On the 7th November, the Queensland Heritage and Other Legislation Amendment Act 2014 received assent. The Act makes a number of minor but important amendments to the Sustainable Planning Act 2009.

One of the more interesting changes is an amendment to section 88(1)(e) of the SPA that removes an LGIP from being a key element of a planning scheme. As a consequence, a local government is no longer required to include an LGIP in its planning scheme.

This would appear to be recognition of the fact that many local governments have little or no growth and that trying to ‘force’ these local governments to include an LGIP in their planning scheme has been a policy failure.

The DSDIP has now adopted an approach that will encourage local governments who are experiencing growth to include an LGIP in their planning scheme. This has been achieved through the insertion of new section 628A into the SPA. This section only permits a local government to make and adopt a charges resolution, levy infrastructure charges and impose conditions about trunk infrastructure if the local government’s planning scheme includes an LGIP. The new section does not restrict a local government from using its non-trunk infrastructure conditioning powers, irrespective of whether its planning scheme includes an LGIP.

For local governments that have a planning scheme that does not currently include an LGIP and did not include a PIP before 4 July 2014, a new transitional provision included in section 996 of the SPA will allow these local governments to adopt charges, give infrastructure charges notices or impose conditions about trunk infrastructure until 1 July 2016. This transitional provision operates despite the commencement of section 628A.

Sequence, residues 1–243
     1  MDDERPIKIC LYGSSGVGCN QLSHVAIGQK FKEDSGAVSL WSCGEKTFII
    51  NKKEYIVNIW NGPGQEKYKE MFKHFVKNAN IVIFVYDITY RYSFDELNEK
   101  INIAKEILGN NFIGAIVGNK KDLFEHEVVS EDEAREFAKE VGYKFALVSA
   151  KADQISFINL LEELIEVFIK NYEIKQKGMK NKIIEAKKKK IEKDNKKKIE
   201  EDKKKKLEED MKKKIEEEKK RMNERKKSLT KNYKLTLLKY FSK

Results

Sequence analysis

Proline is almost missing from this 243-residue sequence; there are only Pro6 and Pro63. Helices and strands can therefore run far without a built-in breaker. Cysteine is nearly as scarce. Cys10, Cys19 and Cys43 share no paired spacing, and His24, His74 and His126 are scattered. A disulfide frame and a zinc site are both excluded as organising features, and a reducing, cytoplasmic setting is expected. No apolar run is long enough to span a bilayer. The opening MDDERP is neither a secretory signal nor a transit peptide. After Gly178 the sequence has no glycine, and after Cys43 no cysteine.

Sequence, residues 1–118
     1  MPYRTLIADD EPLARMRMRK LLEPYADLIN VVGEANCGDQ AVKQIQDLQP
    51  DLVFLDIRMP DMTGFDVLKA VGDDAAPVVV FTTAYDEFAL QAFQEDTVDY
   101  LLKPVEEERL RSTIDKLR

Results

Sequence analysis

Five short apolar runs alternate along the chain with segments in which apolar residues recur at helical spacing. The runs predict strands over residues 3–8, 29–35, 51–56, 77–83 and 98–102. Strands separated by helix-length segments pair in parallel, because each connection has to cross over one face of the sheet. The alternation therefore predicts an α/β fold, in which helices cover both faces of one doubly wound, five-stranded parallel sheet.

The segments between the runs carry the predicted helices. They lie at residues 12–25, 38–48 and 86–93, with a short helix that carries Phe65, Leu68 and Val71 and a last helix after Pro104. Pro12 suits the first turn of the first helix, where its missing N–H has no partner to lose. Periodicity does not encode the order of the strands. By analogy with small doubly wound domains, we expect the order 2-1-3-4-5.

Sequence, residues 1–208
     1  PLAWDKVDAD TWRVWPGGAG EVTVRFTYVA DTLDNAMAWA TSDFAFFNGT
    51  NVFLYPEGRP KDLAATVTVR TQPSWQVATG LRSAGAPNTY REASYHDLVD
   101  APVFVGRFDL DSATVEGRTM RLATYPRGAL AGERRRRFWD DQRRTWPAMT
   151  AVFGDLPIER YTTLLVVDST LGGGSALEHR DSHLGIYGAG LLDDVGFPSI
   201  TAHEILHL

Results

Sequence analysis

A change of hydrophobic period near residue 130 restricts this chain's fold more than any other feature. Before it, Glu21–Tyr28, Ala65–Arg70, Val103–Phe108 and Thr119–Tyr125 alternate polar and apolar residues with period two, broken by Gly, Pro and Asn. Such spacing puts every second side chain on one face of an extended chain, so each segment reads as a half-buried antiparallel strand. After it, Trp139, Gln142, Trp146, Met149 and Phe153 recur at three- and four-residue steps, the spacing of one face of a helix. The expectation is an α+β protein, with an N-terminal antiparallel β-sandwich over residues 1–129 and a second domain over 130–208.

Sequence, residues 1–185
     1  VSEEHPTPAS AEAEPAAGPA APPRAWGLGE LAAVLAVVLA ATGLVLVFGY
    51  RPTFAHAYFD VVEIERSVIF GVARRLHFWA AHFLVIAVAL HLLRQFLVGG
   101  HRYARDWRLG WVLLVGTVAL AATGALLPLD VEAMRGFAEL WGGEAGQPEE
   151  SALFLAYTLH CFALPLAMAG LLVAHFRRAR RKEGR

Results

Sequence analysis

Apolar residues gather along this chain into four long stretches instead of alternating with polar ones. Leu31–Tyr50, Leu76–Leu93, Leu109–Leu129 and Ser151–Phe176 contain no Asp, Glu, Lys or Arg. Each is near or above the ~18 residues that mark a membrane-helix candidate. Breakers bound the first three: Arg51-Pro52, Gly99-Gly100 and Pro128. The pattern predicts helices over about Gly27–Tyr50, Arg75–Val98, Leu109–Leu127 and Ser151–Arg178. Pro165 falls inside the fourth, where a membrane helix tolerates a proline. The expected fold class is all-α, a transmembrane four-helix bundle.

Another interesting change to the SPA is the amendment of section 647(3) to remove reference to the PIA. This amendment will now mean that where the LGIP does not identify trunk infrastructure to service development outside the PIA, the local government may condition a development to provide necessary trunk infrastructure if the development is consistent with the assumptions about development stated in the LGIP.

This appears to provide an alternative to section 650(1)(a)(iii) of the SPA which continues to allow a local government to impose a condition requiring the payment of additional trunk infrastructure costs if the development is for premises completely or partly outside the PIA. The loss of clarity in the SPA as to when trunk infrastructure would be considered necessary or additional was an unfortunate result of the Sustainable Planning (Infrastructure Charges) and Other Legislation Amendment Act 2014. The most recent amendment to the SPA will exacerbate this problem.

Given the offset and refund requirements arising from the necessary trunk infrastructure condition power, the choice of condition to be imposed would need to be carefully considered.

PIE Solutions has considerable experience in the interpretation of the SPA’s infrastructure conditioning powers, including the correct use of infrastructure conditions as they relate to development applications. We also provide expert advice on the drafting of LGIPs and charges resolutions to comply with the SPA.